For example, preeclampsia, which is related to your blood pressure, can be controlled in some ways through diet and exercise.
So, I ask my clients, what are we doing to make sure that we don’t have issues with our blood pressure before we even start talking about pregnancy? What are we doing to make sure that we’re regulating our blood pressure? What is our mood? Are we putting ourselves in stressful environments? Are we overworking? Are we not sleeping enough?
There are a lot of things that go into play. So, just getting them to understand that these are the things we’re trying to avoid, this is how we avoid them, and let’s make a plan.
In our first interview of this series, Jessie Laurore told us about her “doula bag,” which are the things that she brings physically and emotionally to her clients that support her work. What’s in your doula bag?
When I first started as a doula, I used to take this big bag full of everything. I used lights, I used to take a noise or sound machine, I used to take all these different things. And the more I’ve started to work, the less and less I take.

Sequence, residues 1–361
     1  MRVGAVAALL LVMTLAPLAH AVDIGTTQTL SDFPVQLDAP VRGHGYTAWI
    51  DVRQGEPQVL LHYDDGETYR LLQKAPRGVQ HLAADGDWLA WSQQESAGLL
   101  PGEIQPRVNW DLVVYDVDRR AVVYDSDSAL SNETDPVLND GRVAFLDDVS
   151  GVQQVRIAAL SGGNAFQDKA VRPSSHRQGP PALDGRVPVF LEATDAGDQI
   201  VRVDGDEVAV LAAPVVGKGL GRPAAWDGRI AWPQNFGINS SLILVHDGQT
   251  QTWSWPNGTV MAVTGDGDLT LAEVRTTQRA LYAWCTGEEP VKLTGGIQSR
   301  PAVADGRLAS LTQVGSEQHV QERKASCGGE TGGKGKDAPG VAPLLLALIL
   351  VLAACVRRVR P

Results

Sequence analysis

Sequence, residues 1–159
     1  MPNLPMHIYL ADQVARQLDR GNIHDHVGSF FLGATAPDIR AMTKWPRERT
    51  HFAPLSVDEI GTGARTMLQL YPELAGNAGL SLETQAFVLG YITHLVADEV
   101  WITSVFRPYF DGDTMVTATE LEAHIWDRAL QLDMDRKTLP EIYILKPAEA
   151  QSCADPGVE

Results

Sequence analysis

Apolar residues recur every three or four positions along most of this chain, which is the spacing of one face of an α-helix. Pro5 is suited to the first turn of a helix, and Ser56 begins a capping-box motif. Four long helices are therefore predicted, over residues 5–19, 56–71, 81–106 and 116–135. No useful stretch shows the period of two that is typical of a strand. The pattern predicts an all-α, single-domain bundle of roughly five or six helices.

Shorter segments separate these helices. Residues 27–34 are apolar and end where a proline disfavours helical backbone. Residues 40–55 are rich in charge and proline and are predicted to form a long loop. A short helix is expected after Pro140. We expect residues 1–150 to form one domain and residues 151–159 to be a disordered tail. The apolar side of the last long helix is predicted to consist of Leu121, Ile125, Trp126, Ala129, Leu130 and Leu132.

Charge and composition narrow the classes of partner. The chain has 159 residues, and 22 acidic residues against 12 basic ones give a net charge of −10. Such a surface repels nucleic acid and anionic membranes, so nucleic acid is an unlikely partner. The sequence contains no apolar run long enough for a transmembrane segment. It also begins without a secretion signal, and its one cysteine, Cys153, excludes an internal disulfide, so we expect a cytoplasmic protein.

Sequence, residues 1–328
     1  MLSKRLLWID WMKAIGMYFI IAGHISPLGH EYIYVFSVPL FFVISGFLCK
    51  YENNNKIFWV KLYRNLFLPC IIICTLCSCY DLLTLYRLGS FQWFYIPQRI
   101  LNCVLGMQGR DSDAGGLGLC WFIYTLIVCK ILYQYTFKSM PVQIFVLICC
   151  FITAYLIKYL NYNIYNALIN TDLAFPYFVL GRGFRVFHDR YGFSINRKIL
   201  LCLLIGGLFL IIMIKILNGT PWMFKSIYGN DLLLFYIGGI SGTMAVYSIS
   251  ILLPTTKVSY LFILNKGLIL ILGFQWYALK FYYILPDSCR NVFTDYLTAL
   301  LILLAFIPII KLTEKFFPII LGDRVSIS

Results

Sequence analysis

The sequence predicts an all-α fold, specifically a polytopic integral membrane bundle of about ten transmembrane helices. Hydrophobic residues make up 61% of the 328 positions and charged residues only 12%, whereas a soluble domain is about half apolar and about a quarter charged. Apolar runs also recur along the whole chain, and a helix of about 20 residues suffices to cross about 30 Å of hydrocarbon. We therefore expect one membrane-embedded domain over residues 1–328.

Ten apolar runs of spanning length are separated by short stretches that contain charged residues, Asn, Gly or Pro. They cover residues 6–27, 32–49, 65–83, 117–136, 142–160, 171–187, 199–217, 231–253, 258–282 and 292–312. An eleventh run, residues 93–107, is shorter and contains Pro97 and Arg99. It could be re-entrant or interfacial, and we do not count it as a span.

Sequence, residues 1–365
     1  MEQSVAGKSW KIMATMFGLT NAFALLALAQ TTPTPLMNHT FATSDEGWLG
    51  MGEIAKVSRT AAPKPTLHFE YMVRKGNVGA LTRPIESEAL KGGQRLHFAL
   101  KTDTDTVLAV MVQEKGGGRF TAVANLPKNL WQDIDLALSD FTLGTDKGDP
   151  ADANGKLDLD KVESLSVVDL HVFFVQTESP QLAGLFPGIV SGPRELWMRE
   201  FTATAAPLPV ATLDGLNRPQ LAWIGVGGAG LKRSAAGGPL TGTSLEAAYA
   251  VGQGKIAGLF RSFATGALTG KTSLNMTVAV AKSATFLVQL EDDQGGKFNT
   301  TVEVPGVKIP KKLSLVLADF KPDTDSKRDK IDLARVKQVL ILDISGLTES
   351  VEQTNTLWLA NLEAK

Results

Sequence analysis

Now I’m down to… a hairbrush, some hair ties, my essential oils, a very small diffuser. And that’s it.
Everything else that we do in the hospital or at home, I can use what’s around the house. For example, instead of using a rebozo, which is something that’s often used during the laboring down session, I can use a bed sheet, and I get a bed sheet out of your closet.
And now you do the same techniques. If we need to be doing squats, or lunges or pools, sometimes I’m your squat bar, those types of things. The things I always have are my notepad and my pen, and my charger, but that’s about it.
Did this evolution come from your years of experience?
It’s not even years of experience. It is just realizing that I just want to be here to support you. And it’s not even necessarily about the things in my bag, right? Because sometimes moms don’t want things. They just want you to be there, supporting them and speaking life into them and telling them they’re doing a good job.
Sometimes that’s enough. Sometimes the things in my bag don’t even matter.